Last May the parent group for my son's school set the date for the fall family get-together: September 11, 2011. And immediately when we said the date my heart leaped out of my chest. I don't have any great insights ten years after that day, but it is an anniversary too compelling for me to ignore. It is a physiological reaction to a trauma, a welling up of fear.
How could it be otherwise? So many of my best beloveds in harm's way, there were agonizing hours of not knowing, and nothing particular happened to me. Sitting in Rhys's bachelor apartment in Limehouse, East London, wondering why I wasn't where my heart was, as I heard news reports of the State Department bombing. Holding the landline receiver with sweaty palms. I was on the phone to a fellow expat when the towers fell. We didn't hang up, but we didn't have words, we silently witnessed each other's violently (and silently) breaking hearts. I am sure everyone has a similar story.
Yet I am concerned given how the world is that this anniversary be glamorized, be a very American opportunity to relive our outrage and sense of violation. It was outrageous. We were violated. But ten years later, we know a bad guy was minted that day in American popular consciousness. And we have poured the force of our sovereign onto getting that bad guy, and it didn't, in the end, turn out to be right, or just. It didn't end well.
There are many in the Tea Party and the GOP who desire that we have a Christian nation. Who can blame them? They burn brightly with the reality of their God, and their love of the United States. To them I say, well to all (my eight blog readers) I say this: on this anniversary I say we need to love our enemy and forgive them their wrongdoing. Their trespasses against us. Sure, this is a big ask. But it isn't me making this up on a random Thursday night in Cambridge. It's Jesus: love your enemies and pray for those who persecute you. Understand them and forgive them. Because if you love someone, that is what you do. That is how you get closer to the truth that will set you free.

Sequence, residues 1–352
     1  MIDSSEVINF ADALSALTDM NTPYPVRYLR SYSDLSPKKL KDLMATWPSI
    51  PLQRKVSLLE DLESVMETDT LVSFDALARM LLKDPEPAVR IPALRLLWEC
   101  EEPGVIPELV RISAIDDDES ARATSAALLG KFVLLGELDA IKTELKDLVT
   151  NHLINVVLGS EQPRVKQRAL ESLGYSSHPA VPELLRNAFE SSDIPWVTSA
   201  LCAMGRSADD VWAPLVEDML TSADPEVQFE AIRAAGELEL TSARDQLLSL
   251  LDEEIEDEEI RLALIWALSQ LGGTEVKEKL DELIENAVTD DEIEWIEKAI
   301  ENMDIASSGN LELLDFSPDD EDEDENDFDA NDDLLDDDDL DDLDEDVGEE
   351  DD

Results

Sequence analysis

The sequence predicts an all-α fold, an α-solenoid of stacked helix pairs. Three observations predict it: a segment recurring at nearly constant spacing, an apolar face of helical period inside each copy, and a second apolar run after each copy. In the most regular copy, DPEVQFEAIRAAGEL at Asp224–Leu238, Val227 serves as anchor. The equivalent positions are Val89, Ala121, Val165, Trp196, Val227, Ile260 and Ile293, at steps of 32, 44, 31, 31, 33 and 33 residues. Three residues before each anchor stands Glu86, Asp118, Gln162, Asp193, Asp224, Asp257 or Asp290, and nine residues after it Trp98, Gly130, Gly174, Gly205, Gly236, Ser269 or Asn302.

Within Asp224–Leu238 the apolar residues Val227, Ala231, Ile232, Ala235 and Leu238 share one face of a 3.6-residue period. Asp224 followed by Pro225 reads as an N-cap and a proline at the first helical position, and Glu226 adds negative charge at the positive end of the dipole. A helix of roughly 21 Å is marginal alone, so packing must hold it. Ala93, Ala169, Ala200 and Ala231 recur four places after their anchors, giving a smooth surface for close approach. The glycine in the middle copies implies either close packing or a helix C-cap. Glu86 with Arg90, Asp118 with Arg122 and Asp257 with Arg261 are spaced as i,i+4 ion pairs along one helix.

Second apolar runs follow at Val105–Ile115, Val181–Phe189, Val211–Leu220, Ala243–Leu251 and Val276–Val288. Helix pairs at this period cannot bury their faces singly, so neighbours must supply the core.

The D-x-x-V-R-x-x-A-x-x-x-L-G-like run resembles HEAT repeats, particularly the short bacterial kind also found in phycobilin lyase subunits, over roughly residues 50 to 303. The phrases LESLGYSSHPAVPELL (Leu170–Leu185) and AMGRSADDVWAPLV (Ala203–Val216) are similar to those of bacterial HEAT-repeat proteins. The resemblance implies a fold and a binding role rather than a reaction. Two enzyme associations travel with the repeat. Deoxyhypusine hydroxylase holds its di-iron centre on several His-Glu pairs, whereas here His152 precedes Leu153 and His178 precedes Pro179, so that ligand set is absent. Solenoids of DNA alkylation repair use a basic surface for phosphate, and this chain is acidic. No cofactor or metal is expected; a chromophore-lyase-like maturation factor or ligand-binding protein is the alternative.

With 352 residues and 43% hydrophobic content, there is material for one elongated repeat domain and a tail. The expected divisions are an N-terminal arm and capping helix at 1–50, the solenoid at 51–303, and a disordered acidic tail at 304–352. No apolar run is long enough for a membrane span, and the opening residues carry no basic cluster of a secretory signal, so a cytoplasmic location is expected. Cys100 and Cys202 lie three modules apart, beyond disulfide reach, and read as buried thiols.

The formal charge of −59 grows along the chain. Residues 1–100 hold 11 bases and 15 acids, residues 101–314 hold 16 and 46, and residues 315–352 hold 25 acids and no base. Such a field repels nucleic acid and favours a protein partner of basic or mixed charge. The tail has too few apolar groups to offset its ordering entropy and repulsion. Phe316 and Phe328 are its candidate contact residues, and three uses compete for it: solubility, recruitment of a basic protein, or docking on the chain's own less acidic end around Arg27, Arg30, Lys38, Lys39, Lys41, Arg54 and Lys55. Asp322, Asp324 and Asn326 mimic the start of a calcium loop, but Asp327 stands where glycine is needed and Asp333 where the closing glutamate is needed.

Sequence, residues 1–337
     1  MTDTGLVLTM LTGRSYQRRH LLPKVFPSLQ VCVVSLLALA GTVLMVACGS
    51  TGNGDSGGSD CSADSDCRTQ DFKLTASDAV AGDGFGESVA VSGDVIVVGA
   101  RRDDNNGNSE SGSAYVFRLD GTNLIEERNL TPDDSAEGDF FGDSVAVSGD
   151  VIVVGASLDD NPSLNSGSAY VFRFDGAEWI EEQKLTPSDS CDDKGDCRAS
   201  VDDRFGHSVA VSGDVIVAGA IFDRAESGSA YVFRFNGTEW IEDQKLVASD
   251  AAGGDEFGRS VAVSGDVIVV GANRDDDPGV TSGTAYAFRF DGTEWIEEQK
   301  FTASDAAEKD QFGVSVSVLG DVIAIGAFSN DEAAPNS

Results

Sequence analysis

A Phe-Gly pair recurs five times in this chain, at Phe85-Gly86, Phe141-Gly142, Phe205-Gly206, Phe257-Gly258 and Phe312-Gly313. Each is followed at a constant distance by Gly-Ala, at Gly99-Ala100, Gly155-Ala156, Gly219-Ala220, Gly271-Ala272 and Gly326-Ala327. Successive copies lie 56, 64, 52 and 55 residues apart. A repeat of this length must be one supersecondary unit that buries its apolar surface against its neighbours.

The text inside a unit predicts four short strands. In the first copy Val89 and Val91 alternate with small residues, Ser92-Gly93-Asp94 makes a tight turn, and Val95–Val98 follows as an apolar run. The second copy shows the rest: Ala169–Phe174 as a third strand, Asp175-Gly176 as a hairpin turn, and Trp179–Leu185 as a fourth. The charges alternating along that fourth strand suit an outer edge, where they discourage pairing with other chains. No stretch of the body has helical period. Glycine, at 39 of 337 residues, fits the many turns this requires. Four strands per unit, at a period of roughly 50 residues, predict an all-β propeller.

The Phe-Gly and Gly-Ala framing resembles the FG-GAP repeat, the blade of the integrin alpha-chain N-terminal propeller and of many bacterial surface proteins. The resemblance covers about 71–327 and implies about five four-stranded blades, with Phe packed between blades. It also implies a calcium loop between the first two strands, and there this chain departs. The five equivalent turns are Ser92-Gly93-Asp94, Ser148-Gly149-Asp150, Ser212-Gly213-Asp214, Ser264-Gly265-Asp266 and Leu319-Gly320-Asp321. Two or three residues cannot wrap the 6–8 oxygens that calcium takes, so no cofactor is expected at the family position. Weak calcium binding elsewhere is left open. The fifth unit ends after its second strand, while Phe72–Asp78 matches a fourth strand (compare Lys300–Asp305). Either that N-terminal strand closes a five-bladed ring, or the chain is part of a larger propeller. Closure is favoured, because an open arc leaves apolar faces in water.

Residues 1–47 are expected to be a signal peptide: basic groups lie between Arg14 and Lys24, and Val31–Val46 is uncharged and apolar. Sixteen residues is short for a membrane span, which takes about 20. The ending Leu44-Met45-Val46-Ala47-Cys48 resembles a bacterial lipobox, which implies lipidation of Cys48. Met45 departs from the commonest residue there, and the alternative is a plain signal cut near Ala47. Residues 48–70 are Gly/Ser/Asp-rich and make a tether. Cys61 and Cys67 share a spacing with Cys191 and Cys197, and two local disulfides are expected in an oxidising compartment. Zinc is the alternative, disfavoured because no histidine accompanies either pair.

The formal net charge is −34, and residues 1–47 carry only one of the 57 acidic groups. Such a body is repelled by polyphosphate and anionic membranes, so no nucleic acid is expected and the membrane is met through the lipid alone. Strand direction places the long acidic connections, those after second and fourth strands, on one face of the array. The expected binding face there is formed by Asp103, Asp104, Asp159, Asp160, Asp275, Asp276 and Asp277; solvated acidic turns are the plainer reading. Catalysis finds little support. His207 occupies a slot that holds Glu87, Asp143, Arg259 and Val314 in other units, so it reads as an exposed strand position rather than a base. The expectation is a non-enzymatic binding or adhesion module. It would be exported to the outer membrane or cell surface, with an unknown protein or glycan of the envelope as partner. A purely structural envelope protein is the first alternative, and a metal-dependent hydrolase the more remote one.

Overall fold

And that's not just Al Qaeda. That's the Democrats too. And the Republicans. Love them. Love them all. This is the greatest commandment of nearly every religion. Jesus did not ask you to gain power, he only stood at the door and knocked. He left everything to our discretion. Our discretion has perhaps not been so great over the last decade. We have made mistakes, we have handed our discretion over to consumerism, we have been blind to the injustices we ourselves have perpetrated upon people outside the United States and even on people within the United States. We have used our laws to keep us rich and to control people who have not heard the knock. We have stood behind the United States blindly even when it has acted unjustly. This blindness is a problem.
The cure for our blindness is a willingness to see. That willingness has its heart in compassion, even for our enemies. My highest and best hope for this anniversary of 9/11 is my highest and best hope for the world I would like my children to inhabit: a world where people are brave and enlightened enough to set aside their differences and work for a better place, an inhabitable planet, just capitalism, fair democratic sovereignty. I imagine this, and I think I am a dreamer and then I remember thanks to a certain guy from Liverpool that I am not the only one.